In other words, tasks involving repetitive motions, heavy lifting, and/or prolonged static postures can increase back pain.
If your symptoms seem to get worse after a day at work, a job adaptation could help.
Un Occupational therapist is the professional of choice to adjust your screens, show you optimal load handling techniques, propose a gradual return plan after a shutdown, etc.
In extreme cases, the retraining can even be considered.
The doctor may suggest infiltrations to relieve the pain, especially when the medication does not seem to have an effect.
In general, the doctor goes for a cortisone infiltration at the lumbar level (depending on the levels and irritated structures)
The ideal would be to use a ultrasound-guided infiltration to maximize results.
Are there exercises to do?
As mentioned previously, a kinesitherapist (physiotherapist) could prescribe therapeutic exercises aimed at relieving you and preventing the aggravation of your condition.
If you have spinal stenosis, lumbar extension movements may make your symptoms worse, and flexion movements (like bending forward) may provide relief.
This is because lumbar flexion momentarily increases the diameter of the lumbar canal, while lumbar extension narrows it.
En Mckenzie method, we will then say that your preferred direction is lumbar flexion.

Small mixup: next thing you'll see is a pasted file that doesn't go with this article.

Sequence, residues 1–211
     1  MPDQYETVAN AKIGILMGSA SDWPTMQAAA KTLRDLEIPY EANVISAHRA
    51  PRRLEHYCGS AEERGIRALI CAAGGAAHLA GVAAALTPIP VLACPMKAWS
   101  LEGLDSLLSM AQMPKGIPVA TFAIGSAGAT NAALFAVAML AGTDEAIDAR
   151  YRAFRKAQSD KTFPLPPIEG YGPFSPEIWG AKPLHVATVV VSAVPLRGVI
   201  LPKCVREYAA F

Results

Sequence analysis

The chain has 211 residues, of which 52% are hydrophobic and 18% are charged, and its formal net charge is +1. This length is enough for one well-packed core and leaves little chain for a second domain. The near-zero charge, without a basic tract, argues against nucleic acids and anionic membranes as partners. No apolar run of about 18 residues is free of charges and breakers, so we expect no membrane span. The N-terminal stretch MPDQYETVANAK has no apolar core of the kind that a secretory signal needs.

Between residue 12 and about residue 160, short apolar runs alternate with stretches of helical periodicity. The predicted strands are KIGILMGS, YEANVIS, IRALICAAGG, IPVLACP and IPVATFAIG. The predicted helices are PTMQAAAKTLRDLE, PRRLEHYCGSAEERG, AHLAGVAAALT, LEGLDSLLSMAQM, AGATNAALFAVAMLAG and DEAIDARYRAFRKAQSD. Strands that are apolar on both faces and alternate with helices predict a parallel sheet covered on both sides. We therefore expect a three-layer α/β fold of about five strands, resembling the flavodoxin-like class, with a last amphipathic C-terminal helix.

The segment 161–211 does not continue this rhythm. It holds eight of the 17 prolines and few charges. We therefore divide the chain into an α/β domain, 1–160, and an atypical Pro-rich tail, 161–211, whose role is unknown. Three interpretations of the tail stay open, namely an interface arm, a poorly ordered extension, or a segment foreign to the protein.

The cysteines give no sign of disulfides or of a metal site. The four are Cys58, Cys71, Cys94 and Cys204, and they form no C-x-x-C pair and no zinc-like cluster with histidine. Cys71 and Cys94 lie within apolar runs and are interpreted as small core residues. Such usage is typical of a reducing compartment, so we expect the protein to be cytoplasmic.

If so, your therapist might give you postural tips to actively reduce lumbar lordosis (especially if arching your back increases your symptoms).
He might also prescribe bending exercises such as those mentioned below. To this will be added a lumbar stabilization program aimed at toning the muscles of the trunk to protect the lumbar region.
Obviously, these exercises will be adapted to your condition, and integrated into a global approach.
Exercise 1: Posterior pelvic tilt
- Lie on your back with your knees bent
- Tilt the pelvis backwards so as to flatten your lumbar region against the floor.
- Hold the position for 3 seconds and return to the initial position
- Repeat 15 times, taking breaks as needed.
Exercise 2: Repeated Mckenzie Bend Squats
- Lie on your back and bend your knees
- Bring the knees towards your shoulders at the same time, and add a 3 second overpressure with your hands (as if you were giving yourself a hug!). Then return to the initial position.
- Repeat 15 times, taking breaks as needed.
Exercise 3: Repeated McKenzie Squats
- Sit in a chair with your legs apart
- Lean your trunk so that your arms are as far back as possible (between your legs). Hold for 3 seconds in the fully flexed position and then return to the starting position.
- Repeat 15 times, taking breaks as needed.
Exercise 4: Sit-ups
- Lie on your back and bend your knees. Place hands against you as shown.
- In the same movement, take your shoulder blades off the ground and bring your elbows towards your knees. You will feel a contraction of the abdominals that you will have to hold for 3 seconds without blocking your breathing.
- Do 2 sets of 10 reps.
Exercise 5: Abs Swiss ball
- Lie on your back and place a Swiss ball between your knees and arms as shown.
- In the same movement, squeeze the Swiss ball by bringing your arms and legs against each other. Hold the contraction for 5 seconds.
- Repeat 15 times, taking breaks as needed.